Here are things I found most intriguing, in descending order of importance, some not yet mentioned: Become a Complete Fool
� There is literally NO upside to 06 earnings estimates, because if they see themselves making more, they will just plow the money back into subscriber acquisition. Interesting to see how this affects the stock.
� Over the next six months, they will test lower price points. But they will roll these out across the board only if the elasticity of demand increases growth rate without sacrificing their forecast profits.
� Netflix probably can't buy BBI Online because of FTC restrictions. Clearly they have looked into the idea. And of course, they validated my thought that they might prefer a weak, non-threatening competitor to be in the market with them as a wider moat against new competitors entering. (Or the thought that they'll eventually get all of BBI's subs for free through attrition of the BBI Online service.)
� They are pushing out their movie downloading rollout because they can't get licenses for content for it. This would be alarming except that they assert that nobody else can get those licenses, either, because TV networks have locked in the desirable content for periods of five years by paying a bunch of money. This will change when Netflix, Apple, Comcast, et al, can collectively outbid the networks for rights to these movies. I think this is fascinating. Reed thinks this plus another product cycle of high-def DVD will give Netflix MORE time than previously estimated to extend its lead. I approach all this with a healthy skepticism, but if he's right it's great news.
� Reed asserts that as more families own large-screen high def TVs, it is altering movie viewing habits and causing families to stay home and watch DVDs rather than going to the movies. This trend is the explanation for the dismal box-office performance at American cinemas, not a weak release schedule. Interesting concept that makes intuitive sense to me and would love to hear someone pick the idea apart.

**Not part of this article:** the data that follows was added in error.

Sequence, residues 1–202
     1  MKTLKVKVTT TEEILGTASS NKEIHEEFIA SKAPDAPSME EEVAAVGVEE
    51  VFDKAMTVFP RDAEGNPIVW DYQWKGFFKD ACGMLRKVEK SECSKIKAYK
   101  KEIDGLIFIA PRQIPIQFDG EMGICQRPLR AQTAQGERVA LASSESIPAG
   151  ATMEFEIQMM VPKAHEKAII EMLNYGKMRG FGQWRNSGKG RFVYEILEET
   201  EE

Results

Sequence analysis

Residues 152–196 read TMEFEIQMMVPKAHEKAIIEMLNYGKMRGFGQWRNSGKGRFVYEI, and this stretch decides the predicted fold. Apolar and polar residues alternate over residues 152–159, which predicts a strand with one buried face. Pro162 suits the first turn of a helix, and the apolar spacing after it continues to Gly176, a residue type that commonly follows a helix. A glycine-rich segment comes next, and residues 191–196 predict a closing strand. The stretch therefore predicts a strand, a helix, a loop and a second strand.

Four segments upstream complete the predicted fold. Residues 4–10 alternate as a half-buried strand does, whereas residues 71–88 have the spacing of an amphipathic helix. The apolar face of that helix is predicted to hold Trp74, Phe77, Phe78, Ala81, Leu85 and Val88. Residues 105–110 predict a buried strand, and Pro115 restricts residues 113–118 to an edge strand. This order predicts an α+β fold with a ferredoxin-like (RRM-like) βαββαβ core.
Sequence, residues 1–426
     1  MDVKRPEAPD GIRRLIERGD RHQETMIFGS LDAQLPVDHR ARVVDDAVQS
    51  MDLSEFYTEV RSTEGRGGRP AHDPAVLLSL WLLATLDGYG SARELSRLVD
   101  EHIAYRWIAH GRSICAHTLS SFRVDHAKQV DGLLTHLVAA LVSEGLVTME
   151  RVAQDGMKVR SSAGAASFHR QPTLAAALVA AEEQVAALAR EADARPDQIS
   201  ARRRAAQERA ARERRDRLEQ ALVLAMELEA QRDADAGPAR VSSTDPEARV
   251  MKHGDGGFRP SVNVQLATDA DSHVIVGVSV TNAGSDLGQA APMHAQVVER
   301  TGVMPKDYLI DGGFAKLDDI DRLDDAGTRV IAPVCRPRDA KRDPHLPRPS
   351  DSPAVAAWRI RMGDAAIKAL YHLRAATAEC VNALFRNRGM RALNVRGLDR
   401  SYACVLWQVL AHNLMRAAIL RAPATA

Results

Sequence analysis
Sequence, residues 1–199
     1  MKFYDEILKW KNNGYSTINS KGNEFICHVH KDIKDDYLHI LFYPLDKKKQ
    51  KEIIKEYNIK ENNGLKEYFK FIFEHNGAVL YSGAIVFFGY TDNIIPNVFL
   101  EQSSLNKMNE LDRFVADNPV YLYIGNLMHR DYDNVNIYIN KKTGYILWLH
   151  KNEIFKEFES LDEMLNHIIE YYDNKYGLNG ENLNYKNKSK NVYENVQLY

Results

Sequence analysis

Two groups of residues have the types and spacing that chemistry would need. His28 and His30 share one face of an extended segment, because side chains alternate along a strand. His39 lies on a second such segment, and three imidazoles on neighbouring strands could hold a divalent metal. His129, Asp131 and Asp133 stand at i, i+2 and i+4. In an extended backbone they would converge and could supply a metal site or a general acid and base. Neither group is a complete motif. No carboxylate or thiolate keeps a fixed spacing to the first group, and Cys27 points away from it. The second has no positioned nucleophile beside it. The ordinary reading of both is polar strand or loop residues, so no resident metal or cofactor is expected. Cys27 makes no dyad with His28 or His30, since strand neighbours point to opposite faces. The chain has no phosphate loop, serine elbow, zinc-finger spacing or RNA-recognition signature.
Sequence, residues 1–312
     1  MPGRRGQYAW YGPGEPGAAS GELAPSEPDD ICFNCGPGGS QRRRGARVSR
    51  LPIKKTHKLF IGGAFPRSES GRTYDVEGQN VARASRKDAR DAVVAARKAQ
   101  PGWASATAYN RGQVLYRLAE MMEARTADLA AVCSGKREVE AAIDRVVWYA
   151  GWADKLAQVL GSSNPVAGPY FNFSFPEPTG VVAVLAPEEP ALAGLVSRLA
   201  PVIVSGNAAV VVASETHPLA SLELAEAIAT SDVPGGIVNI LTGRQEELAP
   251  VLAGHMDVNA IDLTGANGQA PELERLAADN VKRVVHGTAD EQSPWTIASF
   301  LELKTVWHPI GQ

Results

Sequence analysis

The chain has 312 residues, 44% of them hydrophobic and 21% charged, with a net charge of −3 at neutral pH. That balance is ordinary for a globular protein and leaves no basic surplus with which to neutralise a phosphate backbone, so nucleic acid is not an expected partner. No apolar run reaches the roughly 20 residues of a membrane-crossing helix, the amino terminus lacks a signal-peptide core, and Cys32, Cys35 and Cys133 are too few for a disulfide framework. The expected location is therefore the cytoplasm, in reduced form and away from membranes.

� Netflix now believes that Amazon won't enter online DVD rental market, and that Netflix is on the verge of having an online lead that makes it unassailable because of improving economies of scale and its subscriber lead.
� If Netflix "tips" bricks-and-mortar stores out of business, this will happen gradually, not suddenly, as most likely chains will not shut unprofitable stores until their leases come up for renewal on a 5-10-year cycle.
� It sounds like the mix of subscribers is shifting toward the lower priced plans, and that Netflix likes this trend because the lower priced plans are more profitable than 3-out.
� As Ace noted, the ad and used initiatives won't be material in 06.
� Disc usage is down. Though not specified, it sounds way down. As long as churn stays low, I'm okay with this. My guess is that they are able to steer would-be canceling subs to a lower-priced plan and keep more of them. All in all, very positive trends.
� There IS upside built into the subscriber forecasts if SAC continues to come in lower than the conservative forecasts the company has offered. That could get them to 6M in 06, IMO.
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Here are things I found most intriguing, in descending order of importance, some not yet mentioned:
Become a Complete Fool